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Arcania: The Complete Tale Review

For quite some time the PS4 has been bereft of an open world fantasy RPG, something along the lines of Skyrim of another Dragons Age, this gap in the market would have been the perfect time to release Arcania: The Complete Tale; however, Nordic Games have decided to pretty much go head to head with one of the most anticipated games of this generation, Witcher 3 and whilst it is not a must have purchase, it certainly has plenty of charm about it.

The Arcania games have been around for quite some time, starting life on the PC format and then this “recent” effort making it over to the consoles a couple of years ago, so what we have here is a an update of an update taking the PS3 and Xbox 360 version and updating this five year old PC again for the PS4.

Arcania: The Complete Tale is essentially a very linear open world fantasy role playing game; a confusing tag line if there ever was one as even though the game grants a wonderful looking world to wander around, it is the quests on hand that are very matter of fact, relying on the usual “get this” or “kill that” that plague these sort of games, the game drip feeding you new parts of the world to venture through, each one full of favours to be asked. 

This is not helped by a very straight forward story in which your character is thrust upon a tale of revenge following the brutal slaying of his village and his wife to be by a crazed King and his army. The story will then send you on a quest to slay the King responsible, with you being continually being one step behind whatever you need to do; pretty much every quest falling into the category of I will scratch your back if you scratch mine across the many locations of the Southern Islands, from mighty castles, goblin infested woods, swamps and even dark and dangerous caverns.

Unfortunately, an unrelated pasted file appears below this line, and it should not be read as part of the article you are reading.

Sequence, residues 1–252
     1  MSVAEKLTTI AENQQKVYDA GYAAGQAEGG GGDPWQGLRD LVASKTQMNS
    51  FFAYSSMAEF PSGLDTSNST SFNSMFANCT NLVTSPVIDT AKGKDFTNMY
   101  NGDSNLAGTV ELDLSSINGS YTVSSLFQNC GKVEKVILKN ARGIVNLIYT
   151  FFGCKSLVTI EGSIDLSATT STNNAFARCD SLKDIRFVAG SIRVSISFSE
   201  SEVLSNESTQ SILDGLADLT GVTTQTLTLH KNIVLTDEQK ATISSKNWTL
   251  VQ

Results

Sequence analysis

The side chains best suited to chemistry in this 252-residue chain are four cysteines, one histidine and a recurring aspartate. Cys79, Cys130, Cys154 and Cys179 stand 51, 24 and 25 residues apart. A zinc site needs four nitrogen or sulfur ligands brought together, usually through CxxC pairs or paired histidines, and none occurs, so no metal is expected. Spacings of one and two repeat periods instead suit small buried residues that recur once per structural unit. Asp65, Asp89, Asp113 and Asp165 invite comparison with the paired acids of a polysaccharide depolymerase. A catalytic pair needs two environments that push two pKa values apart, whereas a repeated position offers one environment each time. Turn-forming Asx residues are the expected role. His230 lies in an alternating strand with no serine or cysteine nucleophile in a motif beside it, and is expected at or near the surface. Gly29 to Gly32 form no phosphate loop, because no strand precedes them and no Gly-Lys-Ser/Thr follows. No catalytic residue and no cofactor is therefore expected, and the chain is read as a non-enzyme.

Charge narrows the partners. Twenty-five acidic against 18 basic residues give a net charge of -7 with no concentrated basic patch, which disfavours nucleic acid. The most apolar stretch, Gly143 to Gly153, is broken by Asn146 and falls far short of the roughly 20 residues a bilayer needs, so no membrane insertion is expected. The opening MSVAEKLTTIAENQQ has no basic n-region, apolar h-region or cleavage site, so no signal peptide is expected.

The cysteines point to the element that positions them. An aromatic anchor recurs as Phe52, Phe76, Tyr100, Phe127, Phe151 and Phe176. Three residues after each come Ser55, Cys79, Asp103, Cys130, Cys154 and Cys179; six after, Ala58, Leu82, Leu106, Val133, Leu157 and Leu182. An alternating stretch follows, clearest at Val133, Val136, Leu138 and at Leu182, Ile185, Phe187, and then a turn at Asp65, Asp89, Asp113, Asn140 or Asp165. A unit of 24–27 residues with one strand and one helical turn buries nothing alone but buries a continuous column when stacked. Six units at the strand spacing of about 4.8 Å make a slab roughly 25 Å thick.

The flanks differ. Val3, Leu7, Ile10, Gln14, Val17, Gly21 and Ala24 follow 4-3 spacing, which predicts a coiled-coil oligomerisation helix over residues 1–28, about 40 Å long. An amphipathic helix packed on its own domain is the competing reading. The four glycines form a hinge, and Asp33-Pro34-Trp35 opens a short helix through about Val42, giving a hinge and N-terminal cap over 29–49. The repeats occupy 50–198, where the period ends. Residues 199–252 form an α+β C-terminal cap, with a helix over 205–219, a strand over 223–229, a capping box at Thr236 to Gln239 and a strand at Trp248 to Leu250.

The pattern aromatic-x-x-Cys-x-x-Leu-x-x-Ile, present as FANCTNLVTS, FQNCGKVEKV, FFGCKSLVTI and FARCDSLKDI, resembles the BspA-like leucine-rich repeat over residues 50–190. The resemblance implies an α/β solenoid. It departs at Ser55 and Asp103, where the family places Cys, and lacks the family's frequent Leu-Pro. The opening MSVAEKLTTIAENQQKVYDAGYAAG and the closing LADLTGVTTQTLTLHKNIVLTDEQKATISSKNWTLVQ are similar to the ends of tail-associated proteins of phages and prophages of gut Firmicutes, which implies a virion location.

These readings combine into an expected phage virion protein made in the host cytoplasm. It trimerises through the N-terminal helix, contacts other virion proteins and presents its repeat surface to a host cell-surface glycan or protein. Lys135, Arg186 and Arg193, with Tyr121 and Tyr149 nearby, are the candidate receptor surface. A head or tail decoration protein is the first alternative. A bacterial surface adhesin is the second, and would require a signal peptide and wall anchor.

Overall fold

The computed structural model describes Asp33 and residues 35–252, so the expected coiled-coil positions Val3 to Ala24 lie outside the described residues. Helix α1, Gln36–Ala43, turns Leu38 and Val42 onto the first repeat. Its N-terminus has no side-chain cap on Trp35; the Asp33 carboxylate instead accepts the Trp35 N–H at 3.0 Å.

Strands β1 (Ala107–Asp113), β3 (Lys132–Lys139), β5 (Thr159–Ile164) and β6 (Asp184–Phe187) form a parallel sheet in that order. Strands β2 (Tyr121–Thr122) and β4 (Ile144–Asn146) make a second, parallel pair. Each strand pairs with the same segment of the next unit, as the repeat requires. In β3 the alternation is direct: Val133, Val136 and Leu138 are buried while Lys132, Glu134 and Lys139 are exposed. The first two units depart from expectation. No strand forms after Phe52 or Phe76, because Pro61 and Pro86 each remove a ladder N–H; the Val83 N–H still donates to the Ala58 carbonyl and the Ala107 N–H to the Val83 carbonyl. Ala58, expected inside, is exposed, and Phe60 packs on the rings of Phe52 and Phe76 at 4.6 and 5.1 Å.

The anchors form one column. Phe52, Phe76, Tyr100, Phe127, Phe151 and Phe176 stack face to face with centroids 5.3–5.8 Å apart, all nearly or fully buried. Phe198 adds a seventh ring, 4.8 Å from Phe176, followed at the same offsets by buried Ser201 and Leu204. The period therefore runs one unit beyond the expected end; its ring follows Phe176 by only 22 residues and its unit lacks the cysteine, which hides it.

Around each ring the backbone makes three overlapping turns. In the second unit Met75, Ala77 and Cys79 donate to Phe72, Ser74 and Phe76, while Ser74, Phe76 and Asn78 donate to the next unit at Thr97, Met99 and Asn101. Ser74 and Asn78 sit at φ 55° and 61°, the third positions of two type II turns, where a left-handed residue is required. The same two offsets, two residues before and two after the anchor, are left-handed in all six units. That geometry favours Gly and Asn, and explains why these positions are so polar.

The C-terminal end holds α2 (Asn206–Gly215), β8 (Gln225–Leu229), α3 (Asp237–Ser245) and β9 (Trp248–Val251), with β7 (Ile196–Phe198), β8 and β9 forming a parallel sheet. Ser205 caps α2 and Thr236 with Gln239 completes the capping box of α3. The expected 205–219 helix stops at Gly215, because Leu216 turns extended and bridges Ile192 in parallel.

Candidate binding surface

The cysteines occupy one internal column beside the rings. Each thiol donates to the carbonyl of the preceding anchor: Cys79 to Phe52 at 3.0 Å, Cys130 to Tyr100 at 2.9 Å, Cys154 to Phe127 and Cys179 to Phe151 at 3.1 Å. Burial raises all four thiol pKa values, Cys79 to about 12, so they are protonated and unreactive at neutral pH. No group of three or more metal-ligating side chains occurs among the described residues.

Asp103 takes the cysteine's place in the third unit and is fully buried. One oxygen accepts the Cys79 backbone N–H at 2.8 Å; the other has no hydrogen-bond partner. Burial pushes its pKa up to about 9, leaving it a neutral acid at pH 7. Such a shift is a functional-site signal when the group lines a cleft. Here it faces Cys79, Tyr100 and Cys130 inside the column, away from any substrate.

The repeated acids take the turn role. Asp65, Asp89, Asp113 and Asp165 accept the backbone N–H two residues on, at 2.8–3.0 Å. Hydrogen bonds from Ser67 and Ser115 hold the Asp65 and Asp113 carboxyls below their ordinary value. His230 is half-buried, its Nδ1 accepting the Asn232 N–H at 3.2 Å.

Even with the power of the PS4 behind it the presentation is very hit and miss with the graphics themselves feeling very unsettled, the previous issues of texture loading are a lot better than the PS3 version but it still looks like a game on the lower graphical setting of a PC. That said there are some truly jaw dropping moments in the game, the world itself offering lots of wonderful sights but even coming across these feel like they have been shoehorned in, the linear world forcing you down paths and canyons with the quests themselves sticking to the main path. When there are chances to wander around there is very little to take in, no hidden surprises other than the collection quests of scouring the land for tiny little idols.

There is a full vocal soundtrack to the game, with all of the main characters offering pretty decent vocal tracks with an attempt for a bit more integration than just watching people talk but it ends up just relying on you choosing from either END, or continuing the chat. There was only one real instance of making a choice, but I didn’t feel that it has any real impact on the world or how I was perceived.